Zia and Jaydev Mody’s 45-year journey has been one of concrete agreements that have lasted a lifetime and genial disagreements that evaporate in a nano second. For instance, as we scout around for a suitable photo background in their spacious villa filled with art and antiques from around the world, Zia feels a particular painting that adorns the stairway would make for a great backdrop. Jaydev takes one look at the painting and then dismisses it with a wave of his hand. To which Zia responds with mock displeasure and then the two continue ascending the stairs, hand in hand. Ever since they began their respective careers, Zia’s intensity and level-headedness has been equally matched by Jaydev’s tenacity and commercial acumen. While Zia, who follows the Bahá’í faith, clearly needs no introduction in corporate India, Jaydev has a cultivated reclusiveness about him.
Not many are aware of his passion for equines or fondness for Chinese and Thai cuisine or his outright admiration for Mario Puzo and Francis Ford Coppola’s masterpiece, The Godfather, having seen it more than 30 times; part one being his favorite. Zia herself has had to watch it a dozen times and during the conversation quips, “Jaydev knows the script 100% by heart, I know 35% but I don’t want to get to 40%.” Despite their hectic work schedules, the childhood sweethearts take short vacations whenever they can manage. Kenya is a favorite destination and the east African influence is evident through artifacts, business interests as well as through Nala, the name their children chose for one of their Labradors.
When and where did you meet? What attracted you towards each other?
Zia: Our fathers were friends, so we knew each other since we were kids. We lived in the same compound and that is how we ran into each other around 1969. I was 13 and he was 14. He was the proverbial boy next door; we lived at a stone’s throw from each other. Apart from his good looks, Jaydev was charming, engaging and very bright. He knew how to fascinate me; still does, 45 years later.
Jaydev: It was a classical childhood kind of romance. I was attracted to her good looks but that alone is not sustainable in itself. I later discovered many more attractive attributes.
Is there any one particular incident that you recall from your courtship days?
Jaydev: There is no single one, there are so many. There have been many such incidents over the years, which is what, I suppose, keeps the relationship alive and fresh. It is a continuous process. I can’t give you an instant answer. I don’t know if she can.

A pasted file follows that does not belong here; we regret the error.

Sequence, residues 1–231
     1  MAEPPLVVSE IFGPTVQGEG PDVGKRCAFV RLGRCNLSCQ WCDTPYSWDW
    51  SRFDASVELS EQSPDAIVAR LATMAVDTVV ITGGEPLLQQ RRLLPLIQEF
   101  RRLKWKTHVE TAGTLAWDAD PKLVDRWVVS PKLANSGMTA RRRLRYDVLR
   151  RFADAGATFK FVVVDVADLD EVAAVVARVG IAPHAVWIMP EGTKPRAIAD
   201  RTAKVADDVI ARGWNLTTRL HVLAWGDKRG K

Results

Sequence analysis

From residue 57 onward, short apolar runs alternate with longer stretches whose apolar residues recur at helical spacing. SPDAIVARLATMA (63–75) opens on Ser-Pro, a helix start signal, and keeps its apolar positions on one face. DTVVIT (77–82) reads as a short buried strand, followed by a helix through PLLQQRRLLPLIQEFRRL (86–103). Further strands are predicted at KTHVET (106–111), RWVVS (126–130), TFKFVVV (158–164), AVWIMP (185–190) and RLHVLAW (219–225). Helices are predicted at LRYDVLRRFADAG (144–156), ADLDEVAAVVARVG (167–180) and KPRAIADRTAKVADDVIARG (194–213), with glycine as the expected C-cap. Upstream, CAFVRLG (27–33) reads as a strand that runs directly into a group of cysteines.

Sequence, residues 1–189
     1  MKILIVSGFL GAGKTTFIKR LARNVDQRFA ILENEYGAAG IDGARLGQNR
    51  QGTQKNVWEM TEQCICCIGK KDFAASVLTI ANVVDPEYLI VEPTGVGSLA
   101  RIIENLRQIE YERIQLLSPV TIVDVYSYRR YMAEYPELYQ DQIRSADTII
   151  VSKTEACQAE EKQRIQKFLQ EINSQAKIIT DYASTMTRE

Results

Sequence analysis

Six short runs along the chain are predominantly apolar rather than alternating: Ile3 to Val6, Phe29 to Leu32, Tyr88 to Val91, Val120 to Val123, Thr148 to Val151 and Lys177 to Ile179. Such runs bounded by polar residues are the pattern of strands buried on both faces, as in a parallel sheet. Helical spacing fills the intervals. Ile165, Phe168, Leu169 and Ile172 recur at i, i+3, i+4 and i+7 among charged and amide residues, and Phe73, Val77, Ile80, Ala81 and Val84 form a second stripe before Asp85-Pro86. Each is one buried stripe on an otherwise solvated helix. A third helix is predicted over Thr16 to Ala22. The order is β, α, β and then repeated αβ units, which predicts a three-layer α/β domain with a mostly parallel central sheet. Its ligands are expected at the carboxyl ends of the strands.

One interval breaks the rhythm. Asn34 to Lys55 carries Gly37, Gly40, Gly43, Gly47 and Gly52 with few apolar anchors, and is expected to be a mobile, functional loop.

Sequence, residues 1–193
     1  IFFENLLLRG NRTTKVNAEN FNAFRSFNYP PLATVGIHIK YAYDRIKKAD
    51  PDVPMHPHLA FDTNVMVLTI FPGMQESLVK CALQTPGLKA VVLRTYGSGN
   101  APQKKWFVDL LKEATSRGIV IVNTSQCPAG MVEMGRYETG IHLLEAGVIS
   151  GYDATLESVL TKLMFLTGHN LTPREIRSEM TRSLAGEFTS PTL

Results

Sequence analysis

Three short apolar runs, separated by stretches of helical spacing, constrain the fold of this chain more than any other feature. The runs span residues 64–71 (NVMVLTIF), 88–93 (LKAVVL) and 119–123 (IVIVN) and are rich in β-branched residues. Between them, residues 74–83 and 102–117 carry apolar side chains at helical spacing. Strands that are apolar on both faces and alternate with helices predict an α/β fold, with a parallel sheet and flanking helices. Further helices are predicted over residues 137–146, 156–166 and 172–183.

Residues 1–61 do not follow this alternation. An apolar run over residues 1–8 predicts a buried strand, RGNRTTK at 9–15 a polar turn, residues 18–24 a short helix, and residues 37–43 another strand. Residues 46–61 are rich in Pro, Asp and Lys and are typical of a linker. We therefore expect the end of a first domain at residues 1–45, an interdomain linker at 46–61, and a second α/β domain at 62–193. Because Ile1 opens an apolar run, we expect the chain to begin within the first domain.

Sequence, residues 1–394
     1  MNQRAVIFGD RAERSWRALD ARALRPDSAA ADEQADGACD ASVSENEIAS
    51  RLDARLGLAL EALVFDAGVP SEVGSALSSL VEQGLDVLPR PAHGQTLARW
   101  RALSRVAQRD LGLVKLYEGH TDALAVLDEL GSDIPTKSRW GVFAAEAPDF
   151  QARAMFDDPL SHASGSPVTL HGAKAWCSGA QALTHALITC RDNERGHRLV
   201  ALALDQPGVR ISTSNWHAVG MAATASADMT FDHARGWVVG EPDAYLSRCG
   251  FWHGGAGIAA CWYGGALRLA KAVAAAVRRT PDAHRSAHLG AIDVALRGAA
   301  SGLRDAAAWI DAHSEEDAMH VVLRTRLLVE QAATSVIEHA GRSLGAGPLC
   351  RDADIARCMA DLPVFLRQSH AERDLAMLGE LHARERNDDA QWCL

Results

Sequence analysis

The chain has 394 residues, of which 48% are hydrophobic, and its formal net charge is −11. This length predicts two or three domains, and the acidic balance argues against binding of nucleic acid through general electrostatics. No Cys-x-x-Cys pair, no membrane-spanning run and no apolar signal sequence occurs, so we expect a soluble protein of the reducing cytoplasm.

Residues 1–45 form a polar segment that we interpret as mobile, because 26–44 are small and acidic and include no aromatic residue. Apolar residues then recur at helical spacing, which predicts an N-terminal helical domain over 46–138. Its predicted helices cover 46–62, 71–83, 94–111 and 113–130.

Zia: The relationship just takes a new avatar when the children come. It has always been like that, from the time that we were young; from playing cricket as children to riding and travelling as we grew older, we have done so many things together. There are so many interests that we have in common. We enjoy each other’s company and never get bored when we’re together. As you grow older, even the quiet moments get more comfortable. You don’t have to keep jabbering; you find your comfort zone with each other.
Jaydev: Which is why it is so hard to pin down one defining moment. Instead, we have a continuous set of moments that validate our feelings for each other. There is a lot of bonding that happens, especially in our roles as parents, where we have to sort out difficulties and troubles and also cherish moments of pride. That takes centrestage once you have children. We have three grown-up kids, the eldest of whom is 28 now. That really binds you together; you can’t replicate that.
Zia: God is kind. We have always taken a lot of interest in each other’s growth, with respect to our dreams and our life’s ambitions. What I like is that I can turn to Jaydev at any given point in time for advice as he knows me better than anyone else in the world. He doesn’t shy away from discussing my weaknesses — instead, he is my constant constructive critic. I like the security of being grounded, knowing that the advice I get from him will really work for me. If I am going through a crisis in my daily life, I am more comfortable if Jaydev is in town. Even if I talk to him for five to seven minutes, that is better and has more value for me, compared with talking to most people for hours. As we get older, we may still not like what advice we get but 90% of the time, we know that it is sound advice.
Do you have any common interests or hobbies?
Jaydev: We like travelling and watching good movies. But otherwise, I am into racing but Zia is not; we don’t go horse-riding anymore either. But travelling is what we enjoy, actually. Every time we get the opportunity to spend a few days together, we go out to different restaurants; we love eating out.
How many holidays do you take in a year?
Jaydev: We take about four to five holidays a year. We don’t do those long two to three week holidays, though. Instead, we go to Mahabaleshwar or spend a few days in New York or some game park. We go to Kenya a lot, at least once or twice a year. Last year, we holidayed in Pune and in New York the year before that. But Kenya is the one place we both love and keep going back to and have been doing so for the past 30 years. I go there several times a year, in fact.
In what ways are you similar and in what ways do you differ?
Zia: I am more confrontational, I raise my voice more often. Jaydev thinks I am more rude; I get to the bottom line very quickly. I am a little more impatient than he is but a lot more detail-oriented than him.
Jaydev: Her style is different from mine. I am more patient, I listen more in the work environment. I know what to do today, what needs to be done tomorrow. She sometimes wants to do both things today and then productivity suffers. Then she gets upset and angry and loses her temper.